“I’m optimistic that we’re going to get there, but it’s going to take some time,” he says. “It’s not going to be necessarily a linear path with one success after another. But we have learned enough from our failures that we’re going to have new approaches.”

One place where those new approaches are evident is at UF’s Center for Translational Research in Neurodegenerative Disease, where neuroscientists are creating new tools, like unique mouse models.

Lab technician holding mouse

“At UF, we have some of the best basic science modelers, who have devised mouse models that are widely used throughout the world,” says Steven T. DeKosky, a renowned neurologist honored in 2020 with the Alzheimer’s Association’s Henry Wisniewski Lifetime Achievement Award.

“These models are yielding new insights into one of the big unanswered questions: How does beta-amyloid talk to tau?” Golde adds. “Current thinking is that amyloid pathology precedes tau in neurodegeneration and nobody understands the link, but we think that these novel mouse models are beginning to more faithfully reproduce that crosstalk and may give us insights.”

UF neuroscientist Jada Lewis, in collaboration with investigators at the University of Minnesota and Harvard, has developed mice that express human tau that can be turned on and off like a light switch using the antibiotic doxycycline. This model has been cited in over 1,300 research papers, according to the database Web of Science.

Jada Lewis in research lab wearing mask
Jada Lewis

“Mouse models are yet another tool in the arsenal of fighting against Alzheimer’s disease,” says Lewis, deputy director of the McKnight Brain Institute. “We exhaust every possibility we can through cell models, because it preserves animal use and it’s quicker and often cheaper. But there are some things you can’t model in cell culture or on the computer, and that’s the actual interaction between tau and amyloid pathologies and resultant behavioral problems.”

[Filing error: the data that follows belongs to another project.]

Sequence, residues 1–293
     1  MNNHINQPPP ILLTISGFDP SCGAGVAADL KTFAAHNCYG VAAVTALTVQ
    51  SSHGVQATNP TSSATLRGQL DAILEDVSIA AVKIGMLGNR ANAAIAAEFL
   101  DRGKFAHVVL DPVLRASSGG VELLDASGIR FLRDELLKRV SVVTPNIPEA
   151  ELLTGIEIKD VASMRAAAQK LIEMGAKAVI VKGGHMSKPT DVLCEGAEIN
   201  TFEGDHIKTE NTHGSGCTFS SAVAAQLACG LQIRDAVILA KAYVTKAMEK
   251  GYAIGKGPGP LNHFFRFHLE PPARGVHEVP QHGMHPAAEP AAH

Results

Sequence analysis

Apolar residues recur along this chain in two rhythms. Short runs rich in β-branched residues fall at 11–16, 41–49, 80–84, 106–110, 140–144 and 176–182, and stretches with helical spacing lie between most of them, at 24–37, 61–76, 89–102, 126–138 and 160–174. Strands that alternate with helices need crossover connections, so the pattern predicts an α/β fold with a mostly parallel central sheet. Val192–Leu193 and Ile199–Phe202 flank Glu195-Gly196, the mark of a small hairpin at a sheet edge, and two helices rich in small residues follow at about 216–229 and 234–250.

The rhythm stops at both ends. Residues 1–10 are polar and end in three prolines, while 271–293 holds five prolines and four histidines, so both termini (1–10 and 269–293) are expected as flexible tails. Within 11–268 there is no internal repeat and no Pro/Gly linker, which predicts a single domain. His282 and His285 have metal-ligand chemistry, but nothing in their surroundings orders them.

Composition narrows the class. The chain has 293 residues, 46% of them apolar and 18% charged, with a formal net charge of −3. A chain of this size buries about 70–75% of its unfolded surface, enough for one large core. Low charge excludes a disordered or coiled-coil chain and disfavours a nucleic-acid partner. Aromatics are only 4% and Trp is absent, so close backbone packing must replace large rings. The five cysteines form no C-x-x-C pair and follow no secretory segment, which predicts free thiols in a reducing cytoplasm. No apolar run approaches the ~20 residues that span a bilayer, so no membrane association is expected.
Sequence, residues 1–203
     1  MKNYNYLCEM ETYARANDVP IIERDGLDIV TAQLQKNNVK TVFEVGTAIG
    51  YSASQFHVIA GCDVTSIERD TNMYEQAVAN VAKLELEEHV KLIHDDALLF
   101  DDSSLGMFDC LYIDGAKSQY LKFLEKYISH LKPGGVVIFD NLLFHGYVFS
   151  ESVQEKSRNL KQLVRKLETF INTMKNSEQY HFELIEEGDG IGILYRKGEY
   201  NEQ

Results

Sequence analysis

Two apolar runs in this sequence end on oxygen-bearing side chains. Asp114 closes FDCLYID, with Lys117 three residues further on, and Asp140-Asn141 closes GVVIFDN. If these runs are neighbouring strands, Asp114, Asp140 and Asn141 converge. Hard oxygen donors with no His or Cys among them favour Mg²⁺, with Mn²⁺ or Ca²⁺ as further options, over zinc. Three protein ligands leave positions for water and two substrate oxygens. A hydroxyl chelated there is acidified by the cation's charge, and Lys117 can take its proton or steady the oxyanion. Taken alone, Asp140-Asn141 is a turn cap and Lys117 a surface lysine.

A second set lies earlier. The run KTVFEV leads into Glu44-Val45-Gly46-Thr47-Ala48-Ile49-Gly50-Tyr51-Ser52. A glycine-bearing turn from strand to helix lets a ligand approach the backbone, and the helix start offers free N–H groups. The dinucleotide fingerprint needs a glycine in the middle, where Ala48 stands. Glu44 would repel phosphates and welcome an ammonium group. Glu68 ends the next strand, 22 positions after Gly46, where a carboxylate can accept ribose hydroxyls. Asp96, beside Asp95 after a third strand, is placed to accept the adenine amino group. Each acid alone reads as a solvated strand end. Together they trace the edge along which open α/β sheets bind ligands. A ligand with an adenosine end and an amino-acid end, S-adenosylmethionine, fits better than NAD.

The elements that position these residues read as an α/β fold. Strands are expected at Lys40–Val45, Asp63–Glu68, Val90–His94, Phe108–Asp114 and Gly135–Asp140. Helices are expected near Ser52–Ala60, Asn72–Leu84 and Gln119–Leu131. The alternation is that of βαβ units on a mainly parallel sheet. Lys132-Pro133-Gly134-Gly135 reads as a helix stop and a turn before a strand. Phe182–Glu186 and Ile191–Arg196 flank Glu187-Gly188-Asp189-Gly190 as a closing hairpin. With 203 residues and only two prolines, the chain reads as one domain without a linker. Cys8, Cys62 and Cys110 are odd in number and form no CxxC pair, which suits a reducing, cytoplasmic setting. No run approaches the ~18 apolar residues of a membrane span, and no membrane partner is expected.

With funding from the National Institute on Aging and the National Institute of Neurological Disorders and Stroke, Lewis is working with fellow UF neuroscientist David Borchelt to produce new strains of mice that model the amyloid and tau pathologies characteristic of human Alzheimer’s disease. Their newest models should significantly reduce the number of mice that researchers have to use in many of these complex studies, Lewis says.

David Borchelt in research lab
David Borchelt

“In general, the field thinks that amyloid comes first and then tau is downstream of that,” Lewis says. “But there’s also another school of thought that tau may come first and interact with amyloid in that manner.”

Pinpointing the timing could be instrumental in developing new treatments that interrupt the disease.

Lewis and Borchelt are investigating what happens when tau pathology is turned on first and, conversely, what happens when amyloid pathology is turned on first. They seek to answer the question: How does the timing affect the formation of global amyloid pathology often seen in Alzheimer’s disease patients?

“We know there’s a connection between the amyloid pathology and the tau pathology,” says Borchelt. “If you have amyloid, tau pathology seems to be worse — more severe or perhaps in different locations. What we’re trying to understand is the connection between those two.”

In addition to modeling, Lewis’ other main focus is on training the next generation of researchers who will take on the complexity of Alzheimer’s and related dementias. She and two other UF scientists lead an NIH program to train postdoctoral fellows in clinical and translational research in Alzheimer’s disease.